The voice of the Lord that found Elijah was not a booming voice. It was still, small and kind-gentle as the voice of a Shepherd to his sheep would be. Elijah, David and the Lost Sheep did not need and we today do not need a booming voice scaring us further into hiding, rather each one of us needed, needs and will forever need that soft touch of an angel, a Shepherd, Jesus, God in flesh. Softly, tenderly the Master is calling. Allow him to carry you from the cave  you are in back out into the sunshine and back to the fold of sheep where together we are safe.



Treasures from Home, a day cooking with Dad.

posted on: February 18, 2020

Cowboy Stew Recipe

1 lb. ground beef

1 large onion and 3 mushrooms, chopped

1 large bell pepper, chopped

1 clove of garlic, chopped

3 ribs of celery, chopped

1 or 2 cans of ranch style beans

1 can of whole corn (I use a frozen bag of corn)

2 cans of tomato sauce

3 large gold potatoes, diced small

1 Tbsp. chili powder

salt and pepper to taste

pince of basil and/or oregano

Brown the first six ingredients in a heavy pan. When cooked, add the remaining ingredients and cook over a medium heat until the potatoes are tender.

***Serve over brown rice. Cornbread, crackers, sour cream, shredded cheese and chives are all optional additions. 

One of my absolute worst pet peeves is having to scroll to the end of a blog to actually find the recipe that I was looking for, so I gave it to you right up front. You are welcome to try it, share it out and be sure to let me know how yours turned out. My dad would be so pleased to hear responses of his Cowboy stew. Who wouldn’t want to sit down to a big bowl of cowboy stew? It is the aroma of home for me. My dad, ever the gracious cook, makes comfort foods to fight away anything life throws at us. If we are having a bad day, my dad can fix our heartache and tears with a few cans of this and that…combined with his homemade biscuits…you’ll forget why you were upset in the first place. He really is one of a kind. I will post the biscuit recipe and photos at a different time.


The Cowboy who made the stew, and his daughter

Cowboys are gentlemen who treat women with respect and work hard. They use their manners more than any other man would and a true cowboy knows love, pain and shame but never cares about fame.


Dad teaching me how to make cowboy stew

Now, my dad may not ride horses and herd cattle but he has the heart of a romantic southern gentleman.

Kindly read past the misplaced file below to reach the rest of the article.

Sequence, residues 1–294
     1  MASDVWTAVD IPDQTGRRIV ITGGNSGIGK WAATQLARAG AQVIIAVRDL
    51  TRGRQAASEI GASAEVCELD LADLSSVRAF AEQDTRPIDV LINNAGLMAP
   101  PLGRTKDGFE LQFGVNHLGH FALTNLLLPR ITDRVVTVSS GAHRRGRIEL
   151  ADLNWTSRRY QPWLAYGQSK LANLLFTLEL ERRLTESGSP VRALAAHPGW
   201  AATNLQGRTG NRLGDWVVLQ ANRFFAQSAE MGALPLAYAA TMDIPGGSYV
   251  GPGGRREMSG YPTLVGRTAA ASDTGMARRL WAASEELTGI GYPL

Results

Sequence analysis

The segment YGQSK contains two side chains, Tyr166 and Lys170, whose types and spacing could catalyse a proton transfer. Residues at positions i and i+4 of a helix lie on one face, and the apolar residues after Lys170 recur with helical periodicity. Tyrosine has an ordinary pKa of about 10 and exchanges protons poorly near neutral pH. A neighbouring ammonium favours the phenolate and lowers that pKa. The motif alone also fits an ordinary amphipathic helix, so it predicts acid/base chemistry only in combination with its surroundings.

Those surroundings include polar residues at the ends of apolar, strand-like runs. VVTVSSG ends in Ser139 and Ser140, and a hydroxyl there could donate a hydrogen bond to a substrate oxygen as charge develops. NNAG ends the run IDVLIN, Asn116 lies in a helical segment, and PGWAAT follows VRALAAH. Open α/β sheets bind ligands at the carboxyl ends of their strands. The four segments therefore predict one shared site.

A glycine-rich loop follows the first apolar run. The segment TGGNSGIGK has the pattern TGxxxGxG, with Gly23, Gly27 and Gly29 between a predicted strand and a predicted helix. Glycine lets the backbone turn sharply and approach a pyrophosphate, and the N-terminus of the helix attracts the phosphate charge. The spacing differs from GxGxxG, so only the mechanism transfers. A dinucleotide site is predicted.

“To make a point of declaring friendship is to cheapen it. For men’s emotions are very rarely put into words successfully. ”
Hunter S. Thompson (The Proud Highway: Saga of a Desperate Southern Gentleman, 1955-1967)

That is one thing Dad has never had to do, he never has to declare he loves you to the world, though he is capable of that….you just know he loves you and he cooks to prove it. Thankful I got to spend a few minutes in the kitchen with him today. There will definitely be more to come. You can check out our first video below. We had so much fun trying to make a video. I promise they can only get better! 


Watch the video here:  Cowboy Stew with Dad 




We had fun! It was so easy. Please let us know if you make this recipe and what you think! 



Eclectic Enneagram Tests

posted on: February 19, 2019


I recently came across Enneagram tests and had never heard of them before. Everyone emerges from childhood with one of the nine types dominating their personality, with inborn temperament and other pre-natal factors being the main determinants of our type

The Enneagram of Personality, or simply the Enneagram (from the Greek words ἐννέα [ennéa, meaning “nine”] and γράμμα [grámma, meaning something “written” or “drawn”]), is a model of the human psyche which is principally understood and taught as a typology of nine interconnected personality types.

Take the test then head over to for the 9 SONGS FOR THE 9 ENNEAGRAM TYPES.

It has been amazing to see my type of a mix between Three (3
The Powerful, Dominating Type:
Self-Confident, Decisive, Willful, and Confrontational